Usually I'm more than excited when a fellow Southeast Asian has won an award for culinary prowess but, this time around, I wasn't amused. Humboldt residents, you voted for a Cambodian restaurant to win the North Coast Journal's Best Chinese Restaurant award. Anthony Bourdain is probably rolling in his grave right now. China and Cambodia each have their own unique historical, political, social, environmental, economic, cultural practices and traditions in food. The Khmer people, another term for Cambodians, do have rice as their staple but it is one of few things they have in common with the Chinese, other than the continent they share. I don't even want to start on how many different types of regional cuisine China offers.
That said, I'm still pretty excited to know there is a huge fanbase for Annie's Cambodian Cuisine. For those who didn't know, Annie Chau and her husband, Chin, were once the owners of Happy Donuts. Yes, that drive-thru doughnut shop near the Winco and CVS in Eureka. It didn't have the rowdy post-bar crawling crowds and disco ball lighting of a late-night trip to Don's Donuts, and I can only speak knowledgeably about that period, but if the shops were compared solely on doughnut merit, Happy Donuts circa 2005 would've won. Fight me on that.
I spent so many days sitting back on those slick booth seats, under the glare of your typical doughnut shop fluorescent lights, watching the doughnut-making and purchases. I still remember checking on the dough cut-outs proofing in the back, watching the workers glaze each freshly fried treat and memorizing all the regulars' orders. Chin would occasionally let me watch him fry the doughnuts or add a sprinkle here and there, and, of course, I was allowed to have all the doughnuts and hot chocolate a teenager could ever possibly want. Why would a teenager spend all of her time after school at a doughnut shop, might you ask? Well, my mother and father worked double shifts during my late high school years so I was left in the care of Annie and Chin during the evening. The Southeast Asian community in Eureka was small, so we all knew each other and helped out in times of need, which mostly meant taking care of each other's children.
Being in the shop and home of Annie and Chin led to learning about the types of food that Cambodian families ate at home. A lot of the dishes are quite similar to the Lao cuisine I know, with its use of a similar fermented fish condiment. Prahok, a fermented fish paste, is the go-to condiment for adding flavor in Cambodian cuisine because of its strong fish essence and saltiness. As an ode to Cambodian cuisine, Annie, Chin and my parents, I took a traditional Cambodian dish and adapted it to cha traop dot, an eggplant dish that was a favorite at my family's now defunct Eureka restaurant Hue Southeast Asian Cuisine. I wanted to make this dish easier to cook at home so I've found some substitutes you can find at your local market and given the recipe flexibility to adjust to your own needs or taste. Even Safeway offers fish sauce and lemongrass now so don't skimp on those.
Smoked Eggplant and Stir-Fried Pork (Cha Traop Dot)
You'll need a broiler, gas stove or some sort of open flame to smoke the eggplant. Open a window. Serves 4.
4-5 Japanese eggplants or any thin eggplants, washed and dried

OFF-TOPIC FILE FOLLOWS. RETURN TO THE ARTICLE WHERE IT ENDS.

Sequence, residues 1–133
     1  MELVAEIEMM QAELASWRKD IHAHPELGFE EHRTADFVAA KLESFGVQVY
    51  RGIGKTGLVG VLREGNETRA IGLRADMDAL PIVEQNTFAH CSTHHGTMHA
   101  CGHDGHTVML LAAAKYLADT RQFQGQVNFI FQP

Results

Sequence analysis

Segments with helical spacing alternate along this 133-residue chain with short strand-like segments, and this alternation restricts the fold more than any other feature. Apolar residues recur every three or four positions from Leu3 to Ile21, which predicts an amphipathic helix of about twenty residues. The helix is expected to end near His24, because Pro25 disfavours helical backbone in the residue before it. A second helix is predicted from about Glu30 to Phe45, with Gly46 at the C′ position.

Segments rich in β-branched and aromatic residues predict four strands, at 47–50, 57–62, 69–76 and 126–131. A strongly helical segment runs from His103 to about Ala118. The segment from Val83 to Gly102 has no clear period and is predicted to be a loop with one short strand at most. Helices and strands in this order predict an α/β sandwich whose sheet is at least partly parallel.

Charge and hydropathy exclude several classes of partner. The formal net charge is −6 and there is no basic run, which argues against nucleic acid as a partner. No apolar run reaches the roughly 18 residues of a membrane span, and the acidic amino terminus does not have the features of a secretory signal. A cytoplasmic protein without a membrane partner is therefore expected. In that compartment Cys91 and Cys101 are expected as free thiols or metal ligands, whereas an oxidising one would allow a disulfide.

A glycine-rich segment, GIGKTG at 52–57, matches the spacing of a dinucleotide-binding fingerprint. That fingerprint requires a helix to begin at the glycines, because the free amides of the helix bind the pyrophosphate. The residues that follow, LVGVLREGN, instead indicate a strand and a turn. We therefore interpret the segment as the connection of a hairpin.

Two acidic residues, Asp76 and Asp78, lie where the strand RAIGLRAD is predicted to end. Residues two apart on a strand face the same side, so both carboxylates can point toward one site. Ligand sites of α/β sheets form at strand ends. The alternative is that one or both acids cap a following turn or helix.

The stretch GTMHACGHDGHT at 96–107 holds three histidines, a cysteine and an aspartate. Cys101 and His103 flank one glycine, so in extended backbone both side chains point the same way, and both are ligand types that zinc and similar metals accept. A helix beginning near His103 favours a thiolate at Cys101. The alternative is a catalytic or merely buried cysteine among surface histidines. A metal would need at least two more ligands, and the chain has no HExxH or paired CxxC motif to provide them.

½ pound ground pork
¼ pound chopped shrimp (shrimp should be peeled, deveined and cleaned)
2 tablespoons oil (any oil with a high smoke point, such as grapeseed or peanut oil, works great)
2 tablespoons palm, brown or turbinado sugar
4-5 cloves of garlic, roughly chopped
½-inch stalk of lemongrass, finely minced
1 bird's eye chili, finely chopped (or more if you can tolerate spice)
1 tablespoon fish sauce or 1 teaspoon prahok or anchovy paste.
1 teaspoon oyster sauce or soy sauce.
¼ cup chicken stock or coconut milk for sauce
7-8 sprigs of cilantro, chopped, for garnish
Salt and black pepper, to taste
Heat your oven to 350 F.
Over an open flame or under a broiler, char your eggplants 2-3 minutes on each side. Then, place the eggplants in a baking pan, cover them in foil and roast them in the oven for 15 minutes. The eggplant is done when it's soft, with skin that sinks in when pressed and translucent flesh.
In a wok or large frying pan over medium-high heat, pour in the oil. Add the pork, breaking up the ground meat into smaller pieces, and let it brown. Add the garlic, lemongrass, chiles and sugar, and keep stirring so it's fully coated with the sugar.
Toss in the shrimp and give the pan a light stir, careful not to break down or overwork the shrimp. Add the fish sauce or paste and oyster sauce, stirring to deglaze the pan. Add 2 tablespoons of chicken stock or coconut milk to create a sauce, adding more until you have the desired amount of gravy.
Place eggplant on a plate to serve. Peeling the purple outer skin is optional but I love the color variation to the dish so I keep it on. Using a paring knife, make a slit lengthwise from the top of the eggplant to the bottom, so that it exposes the delicate flesh of the vegetable. Fill the opening with the stir-fried pork and spoon over the gravy. Salt and pepper the dish to taste and add cilantro garnish before serving over rice. It's highly recommended to enjoy this meal while listening to vintage Cambodian psychedelic surf rock and researching where Cambodia is on the globe.
Malina Syvoravong is a Humboldt native currently living in Oakland, freelancing as a prop and food stylist. She spends too much time with her roommate's dog Moro and is always up for a night in, doing nothing.